Russia's federal air transport authority Rosaviatsia is urging carriers to tighten crew training in order to ensure they are able to cope with unexpected events.
It follows the fatal loss of an Aeroflot-Nord 737-500 at Perm on 14 September and the gear-up landing of a KD-Avia Boeing 737-300 at Kaliningrad on 1 October.
Rosaviatsia chief Yevgeny Bachurin says only "a lucky chance" prevented the KD-Avia incident becoming more serious.
The authority states that the frequency of recent aviation incidents is testimony to "unsatisfactory" preventative management regarding flight safety. Intensified air transport activity among airlines, it points out, can adversely affect crew training and rest periods.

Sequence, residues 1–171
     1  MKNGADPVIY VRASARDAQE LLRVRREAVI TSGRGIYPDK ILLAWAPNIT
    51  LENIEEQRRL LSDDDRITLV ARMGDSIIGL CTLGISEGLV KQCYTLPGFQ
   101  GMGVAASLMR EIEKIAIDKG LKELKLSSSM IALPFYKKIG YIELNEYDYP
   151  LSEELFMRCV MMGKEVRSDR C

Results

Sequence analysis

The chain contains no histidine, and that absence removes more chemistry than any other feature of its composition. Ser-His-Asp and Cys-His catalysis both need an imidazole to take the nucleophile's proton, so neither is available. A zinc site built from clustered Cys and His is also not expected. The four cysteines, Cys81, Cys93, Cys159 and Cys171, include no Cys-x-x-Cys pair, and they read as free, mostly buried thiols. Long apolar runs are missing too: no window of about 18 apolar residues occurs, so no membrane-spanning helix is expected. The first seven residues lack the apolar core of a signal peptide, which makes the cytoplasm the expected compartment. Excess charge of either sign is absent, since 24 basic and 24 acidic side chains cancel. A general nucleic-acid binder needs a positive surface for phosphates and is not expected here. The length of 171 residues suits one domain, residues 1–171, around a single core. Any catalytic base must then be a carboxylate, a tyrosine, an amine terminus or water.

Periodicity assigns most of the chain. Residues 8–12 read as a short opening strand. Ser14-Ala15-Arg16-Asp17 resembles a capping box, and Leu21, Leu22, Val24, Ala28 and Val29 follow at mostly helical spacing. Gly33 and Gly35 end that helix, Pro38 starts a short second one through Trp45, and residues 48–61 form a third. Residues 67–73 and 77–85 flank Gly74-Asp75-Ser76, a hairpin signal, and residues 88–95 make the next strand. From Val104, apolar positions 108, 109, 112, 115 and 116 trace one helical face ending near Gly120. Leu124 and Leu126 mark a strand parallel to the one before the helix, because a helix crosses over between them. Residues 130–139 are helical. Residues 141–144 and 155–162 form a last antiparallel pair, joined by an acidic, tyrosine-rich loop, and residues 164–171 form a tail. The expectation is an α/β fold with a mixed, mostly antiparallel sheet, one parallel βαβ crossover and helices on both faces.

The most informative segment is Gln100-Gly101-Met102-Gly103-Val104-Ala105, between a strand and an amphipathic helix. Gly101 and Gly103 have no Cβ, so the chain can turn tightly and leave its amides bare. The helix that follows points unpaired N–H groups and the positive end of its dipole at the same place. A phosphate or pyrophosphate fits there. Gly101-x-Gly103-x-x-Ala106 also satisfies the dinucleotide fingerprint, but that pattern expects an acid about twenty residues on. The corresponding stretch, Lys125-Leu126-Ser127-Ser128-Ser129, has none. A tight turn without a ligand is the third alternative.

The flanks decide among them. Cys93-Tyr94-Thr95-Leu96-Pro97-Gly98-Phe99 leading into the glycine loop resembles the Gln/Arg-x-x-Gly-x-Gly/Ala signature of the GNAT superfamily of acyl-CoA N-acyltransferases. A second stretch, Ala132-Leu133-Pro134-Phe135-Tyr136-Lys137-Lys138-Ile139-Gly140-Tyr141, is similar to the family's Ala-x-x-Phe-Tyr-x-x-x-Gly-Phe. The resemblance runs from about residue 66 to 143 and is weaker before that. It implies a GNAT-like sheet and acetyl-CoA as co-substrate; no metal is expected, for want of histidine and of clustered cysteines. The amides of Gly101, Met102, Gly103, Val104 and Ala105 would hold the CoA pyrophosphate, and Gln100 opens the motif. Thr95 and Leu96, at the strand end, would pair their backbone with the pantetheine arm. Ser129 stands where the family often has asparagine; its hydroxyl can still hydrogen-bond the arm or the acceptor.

While Russian airlines have increasingly turned to Western-built types to replenish ageing fleets, Rosaviatsia warns: "Acquiring foreign aircraft is not, in itself, a guarantee of high safety levels."
Operation of such aircraft requires professional training among crew and engineering personnel which, it states, is "not always the case" among carriers.
Safety is being affected by a range of issues, it claims, which sometimes include "incorrect and inappropriate action" in the event of unusual in-flight situations. It is directing airlines to ensure that air crews, during regular training checks, are able to handle such problems and are fully briefed on aircraft systems.